All CTC rides and events promoted by the CTC or advertised in Cycle do not insist on riders wearing helmets.
Proposers note: The CTC helmet policy is to allow choice in helmet use and the motion adds support to the policy.
Proposer CC, seconder John Robson
Council response: Council opposes this motion because:
(i) it would be contrary to CTC’s policy of allowing choice in helmet use to interfere with members’ freedom to participate in events where helmets are required;
(ii) it would interfere with our desire to encourage people of all ages, backgrounds and abilities to cycle; and
(iii) the decision of event organisers to require helmet use is often driven by external requirements such as the stipulations of insurers.
http://www.cyclinguk.org/campaigning/vi ... le-helmets
Cycle helmets by Cycling UK/CTC states;
.Schools, employers and the organisers of non-sporting cycling events (e.g. sponsored rides) should not seek to impose helmet rules for their pupils, staff and participants respectively
.is opposed to both cycle helmet laws and to helmet promotion campaigns, as these are almost certainly detrimental to public health
Events where helmets are required interfere with members’ freedom to participate if they do not wear helmets, and the CTC advisers against such requirements.
CTC is supposed to promote cycling for all, advertising events that insist on helmet use is not promoting cycling for all. Any event that insists on a requirement not supported by law is removing a civil liberty of personal choice and CTC states;
.‘should not seek to impose helmet rules’
CTC Council's says;
the decision of event organisers to require helmet use is often driven by external requirements such as the stipulations of insurers
Each CTC members has insurance as part of their membership, so are already covered. The CTC can also organise similar events to those advertised and raise funds if they wish and not insist on helmet use.
The CTC can specify that rides and events promoted by the CTC or advertised in Cycle do not insist on riders wearing helmets because it is against their stated advice, not in keeping with the UK law and not required by CTC members for insurance purposes, as they are already covered. Council’s reasons for opposing this motion are not consistence and are invalid. For these reasons the motion should be supported.
Editorial priority for ‘Cycle’ is to provide a balance of pictures showing cyclists with and without helmets.
Proposer’s note: CTC policy is to oppose helmet legislation and not to promote helmets. Cycle tends to include more pictures of helmeted cyclists and a greater effort to provide a balance is required. Failure to provide a balance could be a form of promotion.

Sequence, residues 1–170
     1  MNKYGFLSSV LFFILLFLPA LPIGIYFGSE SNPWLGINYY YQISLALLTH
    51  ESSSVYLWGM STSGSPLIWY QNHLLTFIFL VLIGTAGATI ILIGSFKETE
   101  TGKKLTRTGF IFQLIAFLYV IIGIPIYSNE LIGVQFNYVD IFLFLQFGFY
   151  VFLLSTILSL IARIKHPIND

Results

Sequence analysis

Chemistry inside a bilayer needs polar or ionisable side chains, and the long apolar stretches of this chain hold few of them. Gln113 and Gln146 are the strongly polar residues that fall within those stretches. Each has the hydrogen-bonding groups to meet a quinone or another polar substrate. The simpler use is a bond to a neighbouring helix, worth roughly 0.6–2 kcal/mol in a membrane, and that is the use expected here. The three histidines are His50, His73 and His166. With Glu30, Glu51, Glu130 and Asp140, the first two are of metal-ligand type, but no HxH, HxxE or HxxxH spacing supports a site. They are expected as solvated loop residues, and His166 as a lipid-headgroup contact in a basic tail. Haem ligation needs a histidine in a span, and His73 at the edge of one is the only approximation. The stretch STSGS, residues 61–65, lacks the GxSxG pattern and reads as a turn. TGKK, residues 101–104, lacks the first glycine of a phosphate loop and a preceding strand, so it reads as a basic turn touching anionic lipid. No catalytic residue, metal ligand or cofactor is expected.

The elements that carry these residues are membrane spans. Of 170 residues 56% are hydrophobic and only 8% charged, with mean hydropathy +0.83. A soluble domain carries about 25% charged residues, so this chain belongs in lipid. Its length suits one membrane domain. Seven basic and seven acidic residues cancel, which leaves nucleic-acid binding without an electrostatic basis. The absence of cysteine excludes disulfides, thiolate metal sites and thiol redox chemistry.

Proposer CC, seconder John Robson
Council response: Council opposes this motion as unnecessary. While the editor of Cycle aims to shows a variety of people in a range of cycling contexts, the editorial priority of Cycle is to share the joy of cycling. Focusing on the narrow issue of helmet-use would be a distraction from that aim.
Council’s reply does not state ‘a balance of pictures showing cyclists with and without helmets is acceptable. They refer to ‘
, all these could be helmeted. The motion does not request that ‘a balance of picture’ should be the top priority, as Council response tends to infer.shows a variety of people in a range of cycling contexts
Cycle provides several opportunities to inform and influence cycling issues. It has political aspects, safety issues, various cycling and touring aspects, legal issues, technical issues, adverts etc.
To convey the joys of cycling a balance of pictures helps by relating to riders who wear helmets and those that do not, so that no one feels left out. This helps to convey the joys of cycling to all readers. Having a balance of pictures helps to convey a wider legal message that it is acceptable not to wear a helmet. The CDF reporting on ‘Cycle Helmets and the Law’ mentions;
.The evidence is, to put it mildly, conflicting. Parliament has, as yet, refused to legislate on the issue. But experience shows that the Courts can move faster than legislation when it comes to recognising risk and accounting for it in terms of damages and contributory negligence
Courts are subject to general attitudes and in publishing a balance of pictures it illustrates a general acceptance of personal choice. Adverts on TV showing none helmeted have been subject to challenges. Postal workers have been subject to dismissal threats if refusing to wear helmets. Children have been expelled from school in the UK for refusing to wear helmets. Councils reply is inadequate, and the motion is valid and should be supported.